Moose Are Loose


Of all the things that make living in Alaska unique, the funniest are the moose.  For the uneducated, moose are the largest of the deer family (and behind only the bison the second largest land animal in North America) that stand typically seven feet at the shoulder, over ten feet long, and males have large, palm/finger-like antlers that can spread over six feet.  They look like tall horses with long, thin legs, a tiny tail, and antlers.  Okay, they look like dumb horses, with rounder snouts.  Okay they look like dumb moose.  For the record – the plural for moose is moose (as in “look at all them dumb moose, they sure is dumb them moose”).  While moose only wander a short distance south of Canada, they are quite numerous in Alaska.  In 2011, it was said their population was over 200,000; that’s nearly one moose for every three people. The numbers are high enough for annual moose hunts in the autumn to coincide with their mating season and when the antlers are at their largest.  Funny thing about those numbers, they are one of the few creatures like them that don’t travel in herds.  Basically mommies hang with their babies, but otherwise if you see a moose you will only see the one.

Now it needs to be mentioned that moose are quite dumb.  Okay, I already mentioned it, but I guess I can’t make that point enough.  They are really known for only doing three things: eating, sleeping, and making more moose.  Outside of mating season, they wander around from one place to eat to another, and occasionally stop to have a nice nap.  During the fall, they wander from one girl moose to another, and occasionally stop to have a nice nap.  Mostly, Moose don’t care where they do any of this.  If the moose sees a nice treat to eat 100 feet away, he’s going to head there – even if that means walking through someone’s yard, crossing a street, or holding up traffic.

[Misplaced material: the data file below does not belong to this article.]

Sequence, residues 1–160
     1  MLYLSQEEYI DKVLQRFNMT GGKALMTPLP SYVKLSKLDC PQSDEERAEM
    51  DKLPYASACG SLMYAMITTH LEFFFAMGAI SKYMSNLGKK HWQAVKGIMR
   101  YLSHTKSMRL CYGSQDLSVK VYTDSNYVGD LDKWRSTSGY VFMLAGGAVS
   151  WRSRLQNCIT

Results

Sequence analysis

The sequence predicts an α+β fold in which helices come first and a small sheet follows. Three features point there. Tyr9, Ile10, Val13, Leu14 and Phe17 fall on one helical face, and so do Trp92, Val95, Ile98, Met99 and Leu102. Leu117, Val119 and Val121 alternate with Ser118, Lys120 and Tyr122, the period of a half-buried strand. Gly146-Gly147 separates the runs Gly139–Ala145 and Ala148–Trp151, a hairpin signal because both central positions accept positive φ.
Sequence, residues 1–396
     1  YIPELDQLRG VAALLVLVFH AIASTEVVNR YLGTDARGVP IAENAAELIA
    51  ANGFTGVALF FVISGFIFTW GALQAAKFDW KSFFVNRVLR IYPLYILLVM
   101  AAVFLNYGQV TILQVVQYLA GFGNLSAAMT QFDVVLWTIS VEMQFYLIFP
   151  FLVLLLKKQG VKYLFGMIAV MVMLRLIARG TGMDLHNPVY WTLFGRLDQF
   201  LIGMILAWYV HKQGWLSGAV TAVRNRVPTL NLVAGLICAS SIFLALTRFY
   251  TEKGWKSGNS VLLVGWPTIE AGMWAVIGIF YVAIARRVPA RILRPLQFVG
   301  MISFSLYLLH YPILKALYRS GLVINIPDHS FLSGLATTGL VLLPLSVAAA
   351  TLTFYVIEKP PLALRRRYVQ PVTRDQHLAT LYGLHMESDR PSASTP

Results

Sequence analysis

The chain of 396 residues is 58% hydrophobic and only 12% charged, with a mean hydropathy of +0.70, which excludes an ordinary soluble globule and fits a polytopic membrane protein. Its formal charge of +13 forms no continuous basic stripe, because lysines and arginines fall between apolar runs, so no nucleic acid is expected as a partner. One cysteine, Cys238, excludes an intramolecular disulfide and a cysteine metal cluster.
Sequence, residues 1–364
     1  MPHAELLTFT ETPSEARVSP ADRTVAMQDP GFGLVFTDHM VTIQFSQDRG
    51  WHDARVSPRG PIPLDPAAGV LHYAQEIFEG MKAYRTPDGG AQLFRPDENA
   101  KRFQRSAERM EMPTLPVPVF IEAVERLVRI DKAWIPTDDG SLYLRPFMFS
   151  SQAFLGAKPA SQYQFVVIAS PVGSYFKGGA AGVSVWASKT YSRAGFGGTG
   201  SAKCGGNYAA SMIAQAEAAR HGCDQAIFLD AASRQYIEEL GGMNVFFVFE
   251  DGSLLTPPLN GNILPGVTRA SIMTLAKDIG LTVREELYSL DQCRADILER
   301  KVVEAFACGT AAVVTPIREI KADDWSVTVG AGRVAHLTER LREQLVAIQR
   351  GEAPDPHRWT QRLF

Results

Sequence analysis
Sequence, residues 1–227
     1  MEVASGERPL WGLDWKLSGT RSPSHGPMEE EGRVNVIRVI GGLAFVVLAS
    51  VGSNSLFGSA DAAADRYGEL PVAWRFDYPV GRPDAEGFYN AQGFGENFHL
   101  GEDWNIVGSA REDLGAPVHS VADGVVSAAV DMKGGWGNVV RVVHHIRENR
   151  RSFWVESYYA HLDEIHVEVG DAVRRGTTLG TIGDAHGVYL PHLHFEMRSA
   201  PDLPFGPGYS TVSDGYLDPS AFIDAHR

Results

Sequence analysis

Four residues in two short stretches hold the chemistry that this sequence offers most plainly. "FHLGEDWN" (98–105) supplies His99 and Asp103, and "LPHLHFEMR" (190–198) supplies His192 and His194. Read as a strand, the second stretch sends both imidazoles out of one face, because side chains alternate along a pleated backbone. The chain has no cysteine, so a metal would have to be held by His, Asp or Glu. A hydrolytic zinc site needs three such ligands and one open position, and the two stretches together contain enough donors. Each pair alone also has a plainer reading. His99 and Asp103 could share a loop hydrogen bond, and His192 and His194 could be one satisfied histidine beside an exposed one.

This of course is the main danger with Moose.  Hitting a moose isn’t like hitting a deer with your car.  For one thing, their legs are so tall, you have a chance of just lifting them up so they roll over top of you and come out without a scratch.  You, on the other hand, are in trouble – because your car just hit a 1000 lbs of dumb roadblock.  Every year there are hundreds of “moose vs. car” accidents, and most of them ends with the score being Moose 1, Car 0.

Moose can be aggressive, usually during mating season for the males, and during calving season for the females.  It’s easy to tell when they are upset and usually heading in the other direction works to calm them.  There is a story of an “Alaskan Moment” when a guy was spotted riding his bike in a sprint downhill while a full sized bull moose chased after him; but again, more funny than scary.

What always shocks me is when I am just driving and spot a moose.  A month ago, one was sitting in someone’s front yard near a major street — just sitting there.  I had moose tracks in the snow in my yard as well.  Last night, I had to stop to let one cross the street in a part of the road that was fenced in.  My funniest moment was when I was slowed on the way to work when a moose decided to walk up the road from my house.  Besides only going 5 miles per hour, he stayed on the right side of the road, stopped at the stop lights, and otherwise followed all the rules.

What’s nice about it is that the moose are so goofy that I never get sick of seeing them.  So go on Marty, take yourself out for a wander, and just don’t get yourself hit by a car.


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